“Shall Not Be Denied” Exhibition: A Single Image Prompts Further Looking

We thank our colleague Melissa Lindberg of the Library’s Prints and Photographs division for this post, excerpted from the original, previously published on the Picture This blog. The intriguing images first caught our attention, but we were drawn in by the questions and the processes Melissa described for seeking information from these visual sources. If you use any of these primary sources with your students, please let us know in the comments what they noticed and how they reacted.

The Library of Congress’s exhibition, “Shall Not Be Denied: Women Fight for the Vote,” is a visually rich celebration of the women who laid the groundwork for women’s suffrage in the United States. Discussing the origins of the movement, the activities immediately leading up to the ratification of the 19th Amendment in 1920, and the long struggle for women of color to secure the right to vote, the exhibit makes abundantly clear how complex and hard fought the process was, and may continue to be for some. One image in particular struck me both for what it shows and for what it does not make evident.

<em>The Awakening</em> Photomechanical print published by Puck Publishing Corporation, 1915, February 20. //hdl.loc.gov/loc.pnp/ds.12369

The Awakening. Photomechanical print by Hy (Henry) Mayer and published by Puck Publishing Corporation, February 20, 1915. //hdl.loc.gov/loc.pnp/ds.12369

“The Awakening,” an illustration from the February 20, 1915, edition of the magazine Puck, is situated in a section of the exhibition that discusses successful legislation for women’s suffrage in western states and territories as a precursor to the 19th Amendment. By early 1915 you can see that women in Washington, Oregon, California, Nevada, Idaho, Utah, Arizona, Montana, Wyoming, Colorado and Kansas had secured the right to vote. A female figure wearing a cape inscribed with “Votes for Women,” carries a torch and points eastward toward a sea of women eager to join the numbers of women in the west who could vote.

I carried this notion of unfulfilled rights with me to another exhibit section labeled “More to the Movement,” which discusses how, even after the 19th Amendment extended voting rights to women across the country, many women of color continued to face an uphill battle to securing the vote. The exhibition notes how Frances Ellen Watkins Harper, addressing many white suffrage leaders’ unwillingness to support a constitutional amendment that would enfranchise black men as well as a lack of commitment to anti-lynching laws in the last half of the 19th century, stated: “You white women speak here of rights. I speak of wrongs.” The exhibit includes portraits of African American suffragists such as Sojourner Truth, Harper, and Mary Church Terrell, whose collective work over many decades helped to bring the vote to African American women.

<em>Sojourner Truth </em>. Photo from Gladstone Collection, 1864. //hdl.loc.gov/loc.pnp/ppmsca.08978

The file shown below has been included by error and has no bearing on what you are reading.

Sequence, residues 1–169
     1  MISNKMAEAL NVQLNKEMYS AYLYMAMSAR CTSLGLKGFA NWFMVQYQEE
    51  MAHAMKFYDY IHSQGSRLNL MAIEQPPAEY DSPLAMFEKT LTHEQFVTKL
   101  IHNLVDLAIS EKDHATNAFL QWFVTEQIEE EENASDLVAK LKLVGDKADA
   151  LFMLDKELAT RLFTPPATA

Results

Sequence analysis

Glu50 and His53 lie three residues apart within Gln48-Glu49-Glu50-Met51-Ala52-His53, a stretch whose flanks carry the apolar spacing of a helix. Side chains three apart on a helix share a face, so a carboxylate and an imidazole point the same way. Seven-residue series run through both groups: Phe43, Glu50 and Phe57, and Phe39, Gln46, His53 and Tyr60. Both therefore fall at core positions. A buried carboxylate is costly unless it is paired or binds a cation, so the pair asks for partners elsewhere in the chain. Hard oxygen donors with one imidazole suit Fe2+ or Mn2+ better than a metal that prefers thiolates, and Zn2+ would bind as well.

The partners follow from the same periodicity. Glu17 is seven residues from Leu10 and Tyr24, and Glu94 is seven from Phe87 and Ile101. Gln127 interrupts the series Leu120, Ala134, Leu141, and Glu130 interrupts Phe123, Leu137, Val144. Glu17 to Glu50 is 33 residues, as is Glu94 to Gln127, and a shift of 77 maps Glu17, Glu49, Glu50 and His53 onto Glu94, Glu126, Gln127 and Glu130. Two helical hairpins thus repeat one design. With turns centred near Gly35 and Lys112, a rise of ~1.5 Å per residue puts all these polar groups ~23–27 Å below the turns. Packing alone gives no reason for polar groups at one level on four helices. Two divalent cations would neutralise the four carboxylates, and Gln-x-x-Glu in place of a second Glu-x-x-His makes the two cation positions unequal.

Sojourner Truth. Photo from Gladstone Collection, 1864. //hdl.loc.gov/loc.pnp/ppmsca.08978 Another copy of this carte de visite is held by the Rare Book and Special Collections Division.

As the exhibit notes, scholars have begun to examine the role of African American, American Indian, Latina and Asian American suffragists, but much more remains to be explored. The Prints & Photographs Division’s collections, as well as those of other Library of Congress reading rooms, are waiting to be mined for more evidence of the role of women of color in the suffrage movement.

Wondering what other images we might have of such suffragists, I did a quick search of the Prints & Photographs Online Catalog. Mabel Ping-Hua Lee, who is represented by another picture in the exhibit, appears in the photo below from our George Grantham Bain Collection. Lee participated in the 1912 suffrage parade in New York City, but as the exhibition text points out, the 1882 Chinese Exclusion Act still prevented Lee from voting even after the 19th Amendment passed.

Dr. Mabel P. Lee. Photo from the George Grantham Bain Collection, [no date recorded on caption card]. //hdl.loc.gov/loc.pnp/ggbain.35680

Likewise, Native Americans were denied citizenship for periods, and were later confronted with many of the same voting limitations as African Americans, including literacy tests and poll taxes. Based on my reading about Native American suffragists, I was pleased to find also in the Bain Collection a picture of Marie Louise Bottineau Baldwin, a member of the Turtle Mountain Band of Chippewa and a graduate of American University’s Washington College of Law. Baldwin marched for women’s suffrage in Washington, D.C. in 1913.

<em>Mrs. Marie L. Baldwin. </em> Photo from the George Grantham Bain Collection, 1914. //hdl.loc.gov/loc.pnp/ggbain.16916

Mrs. Marie L. Baldwin. Photo from the George Grantham Bain Collection, 1914. //hdl.loc.gov/loc.pnp/ggbain.16916

We invite you to do more looking, and to build on existing knowledge of the suffrage movement in the United States. As always, feel free to contact us through our Ask a Librarian service if you have questions about searching our collections.

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2 Comments

  1. Mandy Campbell
    September 5, 2019 at 12:50 pm

    Such a great way of exploring such an important topic! I love the connections to “The Awakening”- what a great idea to start there. Thank you for sharing this post!

  2. Martha
    September 7, 2019 at 11:00 am

    Thanks for doing this. It is awesome to wake up to these images of beautiful, strong, and determined ladies who took a stand to provide us our rights.

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